Friday, October 29, 2004


Regret in Ithaca

In the fifth book of Homer's Odyssey, we see Odysseus held against his will on the goddess Calypso's island, pining to return to his homeland Ithaca and his wife Penelope. Andrew Lang (1844-1912) wrote a sonnet entitled In Ithaca about Odysseus' second thoughts once he was back home:
"And now am I greatly repenting that ever I left my life with thee, and the immortality thou didst promise me." -- Letter of Odysseus to Calypso. Luciani Vera Historia.

'Tis thought Odysseus when the strife was o'er
  With all the waves and wars, a weary while,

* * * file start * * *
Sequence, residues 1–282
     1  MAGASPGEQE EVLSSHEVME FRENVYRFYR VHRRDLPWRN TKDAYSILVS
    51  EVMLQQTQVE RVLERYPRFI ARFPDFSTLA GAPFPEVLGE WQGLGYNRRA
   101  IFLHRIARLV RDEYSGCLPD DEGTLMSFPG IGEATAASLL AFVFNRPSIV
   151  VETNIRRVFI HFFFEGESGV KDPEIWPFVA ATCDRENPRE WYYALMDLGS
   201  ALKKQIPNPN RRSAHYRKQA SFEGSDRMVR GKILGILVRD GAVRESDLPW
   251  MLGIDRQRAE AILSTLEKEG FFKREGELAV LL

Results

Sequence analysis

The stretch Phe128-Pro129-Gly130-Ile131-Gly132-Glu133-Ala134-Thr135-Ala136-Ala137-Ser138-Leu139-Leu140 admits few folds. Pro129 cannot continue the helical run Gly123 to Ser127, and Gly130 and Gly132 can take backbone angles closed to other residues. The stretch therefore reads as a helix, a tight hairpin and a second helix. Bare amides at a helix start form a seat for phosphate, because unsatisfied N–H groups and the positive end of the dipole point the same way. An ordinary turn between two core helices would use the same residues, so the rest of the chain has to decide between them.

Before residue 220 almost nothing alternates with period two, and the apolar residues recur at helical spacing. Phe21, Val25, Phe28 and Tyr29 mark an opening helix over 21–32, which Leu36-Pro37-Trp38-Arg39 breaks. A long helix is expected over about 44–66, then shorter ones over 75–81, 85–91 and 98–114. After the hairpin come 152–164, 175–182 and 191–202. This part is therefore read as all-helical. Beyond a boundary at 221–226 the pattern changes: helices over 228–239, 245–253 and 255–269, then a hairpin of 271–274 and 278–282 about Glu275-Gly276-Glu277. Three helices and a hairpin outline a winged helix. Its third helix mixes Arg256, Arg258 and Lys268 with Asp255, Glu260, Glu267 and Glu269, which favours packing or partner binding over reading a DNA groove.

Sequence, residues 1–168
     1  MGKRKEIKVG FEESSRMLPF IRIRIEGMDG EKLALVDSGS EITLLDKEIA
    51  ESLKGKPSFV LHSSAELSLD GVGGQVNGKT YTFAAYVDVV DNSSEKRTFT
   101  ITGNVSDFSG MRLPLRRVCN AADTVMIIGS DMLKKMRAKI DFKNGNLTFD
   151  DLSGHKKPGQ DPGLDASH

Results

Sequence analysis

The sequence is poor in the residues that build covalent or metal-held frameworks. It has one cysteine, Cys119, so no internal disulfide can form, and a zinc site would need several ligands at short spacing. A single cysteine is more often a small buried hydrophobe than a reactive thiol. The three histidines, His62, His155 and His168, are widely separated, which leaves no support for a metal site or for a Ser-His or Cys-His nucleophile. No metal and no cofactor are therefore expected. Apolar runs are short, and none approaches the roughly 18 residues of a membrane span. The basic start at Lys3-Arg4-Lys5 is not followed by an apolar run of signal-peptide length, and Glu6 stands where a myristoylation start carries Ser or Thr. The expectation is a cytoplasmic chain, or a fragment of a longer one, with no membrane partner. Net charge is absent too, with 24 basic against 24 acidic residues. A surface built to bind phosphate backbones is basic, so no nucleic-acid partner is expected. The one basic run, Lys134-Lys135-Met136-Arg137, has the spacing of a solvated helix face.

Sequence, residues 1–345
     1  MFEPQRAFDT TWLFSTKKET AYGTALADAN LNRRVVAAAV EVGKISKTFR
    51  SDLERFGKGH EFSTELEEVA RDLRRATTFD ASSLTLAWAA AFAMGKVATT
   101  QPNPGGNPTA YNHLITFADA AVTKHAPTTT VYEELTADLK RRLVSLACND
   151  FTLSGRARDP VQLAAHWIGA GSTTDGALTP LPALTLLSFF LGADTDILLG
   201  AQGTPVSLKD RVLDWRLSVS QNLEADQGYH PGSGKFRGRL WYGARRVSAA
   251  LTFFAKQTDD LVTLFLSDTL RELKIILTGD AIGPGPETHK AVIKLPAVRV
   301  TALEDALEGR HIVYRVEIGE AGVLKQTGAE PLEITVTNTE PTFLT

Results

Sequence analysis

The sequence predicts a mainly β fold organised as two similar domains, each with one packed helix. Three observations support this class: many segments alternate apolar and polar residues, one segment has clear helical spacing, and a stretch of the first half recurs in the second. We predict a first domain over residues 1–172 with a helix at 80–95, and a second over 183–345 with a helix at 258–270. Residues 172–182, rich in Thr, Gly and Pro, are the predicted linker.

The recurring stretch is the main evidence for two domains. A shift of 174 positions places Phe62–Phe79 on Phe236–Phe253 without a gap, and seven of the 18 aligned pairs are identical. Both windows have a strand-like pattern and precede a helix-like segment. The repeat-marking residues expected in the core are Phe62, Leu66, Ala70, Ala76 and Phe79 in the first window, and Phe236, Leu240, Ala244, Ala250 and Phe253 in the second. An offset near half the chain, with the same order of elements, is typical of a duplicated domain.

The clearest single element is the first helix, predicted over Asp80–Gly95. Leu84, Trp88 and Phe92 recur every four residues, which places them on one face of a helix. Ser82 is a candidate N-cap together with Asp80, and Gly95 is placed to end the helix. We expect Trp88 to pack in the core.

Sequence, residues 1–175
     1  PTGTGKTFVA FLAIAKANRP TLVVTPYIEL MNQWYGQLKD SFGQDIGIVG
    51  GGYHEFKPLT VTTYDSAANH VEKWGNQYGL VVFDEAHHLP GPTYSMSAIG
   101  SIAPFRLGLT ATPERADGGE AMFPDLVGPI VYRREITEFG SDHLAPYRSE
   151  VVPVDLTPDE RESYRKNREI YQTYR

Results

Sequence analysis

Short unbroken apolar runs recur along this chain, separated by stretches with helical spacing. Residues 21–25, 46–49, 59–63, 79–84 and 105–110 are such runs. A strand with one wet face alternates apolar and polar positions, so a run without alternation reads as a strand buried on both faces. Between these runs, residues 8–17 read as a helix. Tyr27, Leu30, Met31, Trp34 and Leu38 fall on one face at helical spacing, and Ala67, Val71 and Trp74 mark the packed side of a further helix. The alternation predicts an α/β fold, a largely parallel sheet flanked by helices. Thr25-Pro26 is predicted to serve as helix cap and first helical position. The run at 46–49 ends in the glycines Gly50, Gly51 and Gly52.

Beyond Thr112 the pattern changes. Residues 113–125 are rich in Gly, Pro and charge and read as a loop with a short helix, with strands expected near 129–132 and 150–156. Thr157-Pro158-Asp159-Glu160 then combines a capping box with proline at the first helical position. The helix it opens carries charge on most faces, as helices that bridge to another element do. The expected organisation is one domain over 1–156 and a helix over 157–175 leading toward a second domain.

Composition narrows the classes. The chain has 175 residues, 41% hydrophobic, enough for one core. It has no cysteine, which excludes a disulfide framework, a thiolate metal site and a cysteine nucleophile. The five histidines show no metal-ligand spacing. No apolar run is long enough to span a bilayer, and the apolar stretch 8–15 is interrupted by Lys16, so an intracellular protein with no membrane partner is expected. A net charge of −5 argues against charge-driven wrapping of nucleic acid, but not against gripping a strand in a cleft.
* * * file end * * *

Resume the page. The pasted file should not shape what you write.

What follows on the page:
Grew restless in his disenchanted isle,
And still would watch the sunset, from the shore,
Go down the ways of gold, and evermore
  His sad heart followed after, mile on mile,
  Back to the Goddess of the magic wile,
Calypso, and the love that was of yore.

Thou too, thy haven gained, must turn thee yet
  To look across the sad and stormy space,
  Years of a youth as bitter as the sea,
Ah, with a heavy heart, and eyelids wet,
  Because, within a fair forsaken place
  The life that might have been is lost to thee.

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